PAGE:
What Types of GI Bills Are Available?

There are two main benefits veterans have to utilize for college; the Post-9/11 GI Bill and the Montgomery GI Bill. Certain GI Bill benefits extend to dependents of service members.

Post-9/11 GI Bill

Under the Post-9/11 GI Bill, you can get full tuition coverage at a public university. The bill will cover tuition for private and foreign schools, check the VA Education Benefits Site for restrictions.

To be eligible for any tuition coverage, you need to have accrued one of the following since September 11, 2001:

  • 90 days of active service all together.
  • 30 continuous days of service if you were discharged because of disability.

To get 100 percent coverage, you need to have served 36 months or more. This percentage decreases until you reach 90-days, which qualifies you for 40 percent coverage. This bill has a 15-year limitation, however, if you were discharged on or after Jan. 1, 2013, that limitation does not apply.

This is the only benefit that pays tuition directly to the education establishment. Students also receive a housing stipend and money for books and other supplies.

Montgomery GI Bill Active Duty (MGIB-AD) and Selected Reserve (MGIB-SR)

There are two Montgomery GI Bills available to service members and veterans: one for active duty, and one for selected reserve.

Active Duty (MGIB-AD)

To qualify for the MGIB-AD, you need to have contributed $100 per month for the first 12 months of your active duty service, served for a two-year continuous enlistment, and were honorably discharged.

The bill pays out a monthly maximum of $1,994 and can pay up to nearly $72,000 over a 36 month period for a college education. The benefits are good for up to 10 years after your service completion.

Selected Reserve (MGIB-SR)

The MGIB-SR offers up to $11,000 over 36-months for Selected Reserve or Guard members. To be eligible, you must have committed to at least a six-year service obligation, completed initial active duty for training, and remain in good standing while serving in an active Selected Reserve unit.

Vocational Rehabilitation and Education Program (VR&E)

VR&E is under the GI Bill’s chapter 31 and applies to veterans with VA disability ratings and employment handicaps. The aim is to help disabled veterans to live independent life.

To be eligible for VR&E, you need the following:

  • An honorable discharge.
  • A disability rating of at least 10% connected to service, or a 20% or higher memorandum rating.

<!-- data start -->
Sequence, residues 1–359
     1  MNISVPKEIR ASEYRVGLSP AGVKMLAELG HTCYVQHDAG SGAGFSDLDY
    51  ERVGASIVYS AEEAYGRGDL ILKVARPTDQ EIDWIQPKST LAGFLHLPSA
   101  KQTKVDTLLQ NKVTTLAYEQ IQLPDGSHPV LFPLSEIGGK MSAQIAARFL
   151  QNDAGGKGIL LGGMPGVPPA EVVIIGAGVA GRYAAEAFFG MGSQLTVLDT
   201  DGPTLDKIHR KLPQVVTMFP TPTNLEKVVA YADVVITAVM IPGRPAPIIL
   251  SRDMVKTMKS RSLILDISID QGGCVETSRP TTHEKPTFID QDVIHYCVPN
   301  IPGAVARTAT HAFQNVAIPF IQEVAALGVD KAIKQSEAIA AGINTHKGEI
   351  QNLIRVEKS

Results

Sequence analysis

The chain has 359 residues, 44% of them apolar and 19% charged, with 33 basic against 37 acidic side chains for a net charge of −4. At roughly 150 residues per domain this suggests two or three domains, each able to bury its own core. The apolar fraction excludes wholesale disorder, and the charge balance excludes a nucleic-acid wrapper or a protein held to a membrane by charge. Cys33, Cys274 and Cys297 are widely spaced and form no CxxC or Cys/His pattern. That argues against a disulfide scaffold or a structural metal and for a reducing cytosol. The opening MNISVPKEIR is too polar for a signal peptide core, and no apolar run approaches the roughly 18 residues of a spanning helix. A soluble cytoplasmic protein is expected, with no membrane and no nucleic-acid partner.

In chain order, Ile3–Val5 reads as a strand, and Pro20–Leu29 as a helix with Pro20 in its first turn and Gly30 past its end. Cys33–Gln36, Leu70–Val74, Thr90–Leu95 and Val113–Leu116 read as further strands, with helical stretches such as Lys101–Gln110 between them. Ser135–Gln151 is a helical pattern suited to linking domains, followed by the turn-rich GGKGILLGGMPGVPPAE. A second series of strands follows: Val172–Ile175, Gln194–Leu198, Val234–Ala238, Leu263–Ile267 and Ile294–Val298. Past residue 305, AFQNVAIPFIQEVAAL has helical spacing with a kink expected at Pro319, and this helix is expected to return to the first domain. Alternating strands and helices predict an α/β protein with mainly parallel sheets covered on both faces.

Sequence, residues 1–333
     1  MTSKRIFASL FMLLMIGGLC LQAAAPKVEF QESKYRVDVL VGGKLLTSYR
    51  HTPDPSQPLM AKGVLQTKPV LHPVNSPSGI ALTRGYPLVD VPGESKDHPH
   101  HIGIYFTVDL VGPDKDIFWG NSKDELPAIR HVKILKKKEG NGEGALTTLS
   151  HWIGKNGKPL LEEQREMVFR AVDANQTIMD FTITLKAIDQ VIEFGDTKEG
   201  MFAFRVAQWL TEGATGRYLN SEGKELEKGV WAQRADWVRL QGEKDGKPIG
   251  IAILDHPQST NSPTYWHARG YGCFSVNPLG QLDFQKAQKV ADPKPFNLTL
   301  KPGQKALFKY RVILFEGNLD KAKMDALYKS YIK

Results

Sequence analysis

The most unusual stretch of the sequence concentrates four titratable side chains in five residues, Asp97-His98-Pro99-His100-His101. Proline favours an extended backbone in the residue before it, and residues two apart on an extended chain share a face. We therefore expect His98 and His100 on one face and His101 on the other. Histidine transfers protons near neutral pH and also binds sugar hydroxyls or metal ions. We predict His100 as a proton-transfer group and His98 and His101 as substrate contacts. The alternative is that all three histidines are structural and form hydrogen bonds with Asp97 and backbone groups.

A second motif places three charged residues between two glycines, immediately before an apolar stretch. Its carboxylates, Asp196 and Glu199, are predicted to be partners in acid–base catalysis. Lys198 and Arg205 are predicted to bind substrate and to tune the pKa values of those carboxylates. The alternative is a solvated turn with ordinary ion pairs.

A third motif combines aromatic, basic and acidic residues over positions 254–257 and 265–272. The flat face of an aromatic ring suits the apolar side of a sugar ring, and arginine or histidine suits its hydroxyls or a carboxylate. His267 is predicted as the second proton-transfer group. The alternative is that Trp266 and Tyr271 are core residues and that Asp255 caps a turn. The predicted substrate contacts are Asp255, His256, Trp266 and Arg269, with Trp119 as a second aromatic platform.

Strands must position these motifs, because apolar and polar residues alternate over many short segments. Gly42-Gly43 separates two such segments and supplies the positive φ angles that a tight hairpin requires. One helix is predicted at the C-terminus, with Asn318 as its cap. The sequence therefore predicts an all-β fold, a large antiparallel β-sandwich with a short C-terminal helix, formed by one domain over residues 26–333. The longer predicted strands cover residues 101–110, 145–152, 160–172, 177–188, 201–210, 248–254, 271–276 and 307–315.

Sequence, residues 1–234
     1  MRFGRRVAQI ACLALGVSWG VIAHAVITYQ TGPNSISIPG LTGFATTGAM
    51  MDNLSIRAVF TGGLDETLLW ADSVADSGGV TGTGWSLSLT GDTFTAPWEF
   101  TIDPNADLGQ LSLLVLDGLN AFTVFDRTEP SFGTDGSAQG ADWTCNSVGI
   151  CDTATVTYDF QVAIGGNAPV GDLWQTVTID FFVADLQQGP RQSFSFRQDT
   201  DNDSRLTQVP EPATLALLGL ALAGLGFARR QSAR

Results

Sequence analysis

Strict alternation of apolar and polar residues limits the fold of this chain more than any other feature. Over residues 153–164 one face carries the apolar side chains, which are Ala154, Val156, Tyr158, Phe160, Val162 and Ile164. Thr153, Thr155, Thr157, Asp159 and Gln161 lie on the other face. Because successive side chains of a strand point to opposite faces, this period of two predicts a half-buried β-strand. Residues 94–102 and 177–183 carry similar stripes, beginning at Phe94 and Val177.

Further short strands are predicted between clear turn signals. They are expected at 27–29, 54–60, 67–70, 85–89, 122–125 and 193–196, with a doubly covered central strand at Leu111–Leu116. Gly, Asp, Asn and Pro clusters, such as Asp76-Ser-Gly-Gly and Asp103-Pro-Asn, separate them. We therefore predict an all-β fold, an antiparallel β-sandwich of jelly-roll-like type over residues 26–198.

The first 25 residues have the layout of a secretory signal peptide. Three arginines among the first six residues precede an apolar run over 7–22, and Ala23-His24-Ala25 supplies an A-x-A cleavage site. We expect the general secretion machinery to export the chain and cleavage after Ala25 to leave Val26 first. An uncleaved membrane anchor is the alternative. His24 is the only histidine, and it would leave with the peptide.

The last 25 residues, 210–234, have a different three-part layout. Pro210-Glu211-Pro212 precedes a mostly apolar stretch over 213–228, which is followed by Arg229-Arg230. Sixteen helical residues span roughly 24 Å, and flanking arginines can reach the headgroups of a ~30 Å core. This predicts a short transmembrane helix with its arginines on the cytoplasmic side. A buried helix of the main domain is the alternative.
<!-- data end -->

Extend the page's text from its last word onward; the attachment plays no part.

If you are found eligible for and entitled to services, the VR&E offers comprehensive job finding, independent living, and rehabilitation assistance options.

Survivors’ and Dependents’ Educational Assistance Program (DEA)

The DEA program is for dependents of veterans. Current rates of allowance can be found here. Eligible people are the children or spouses of the following:

  • A veteran who died or who is completely and permanently disabled because of active service.
  • A veteran who died when a service-related disability existed.
  • Missing in action or captured service members.
  • Service members detained by foreign governments.
  • A service member who has a total disability and is either receiving medical care or is about to be discharged.

Children of these service members have to be between ages 18 and 26. You can be married, but you can’t be in active service in the military and use your DEA benefit. You can get an extension for the amount of time you were serving, but it won’t extend past an individual’s 31st birthday. If you’re a spouse, you have 10 years to use these benefits, either from when you’re determined to be eligible or from when your spouse dies.

Reserve Educational Assistance Program (REAP)

The REAP program was for reserve members who were called to active duty. It ended on 25 November 2015, thanks to the 2016 National Defense Authorization Act. Some people will continue to be eligible for REAP until November 25, 2019. However, in many cases, the Post-9/11 GI Bill covers qualifying reserve members if they were called to duty after 9/11 and generally provides a greater benefit.

If you were attending school using REAP benefits on November 25, 2015, or during a semester or quarter that ended right before that date, then you can continue to get these benefits until 2019. If you applied in 2015 but haven’t gone to school yet, you are no longer eligible for REAP benefits. The VA suggests if you are no longer eligible for REAP, to pursue your Post 9/11 benefits.

G.I. Bill and the FAFSA®

Using your GI Bill benefits does not prevent you from filing your FAFSA® for federal financial aid. Federal aid can help you pay for educational-related expenses beyond just your tuition, including room and board, transportation costs, books, and personal expenses.

GI Bill benefits aren’t reported on the FAFSA®, so they will not impact the amount of aid you are eligible to receive under the FSA program. For more information on using your GI Bill in coordination with federal student aid, click here.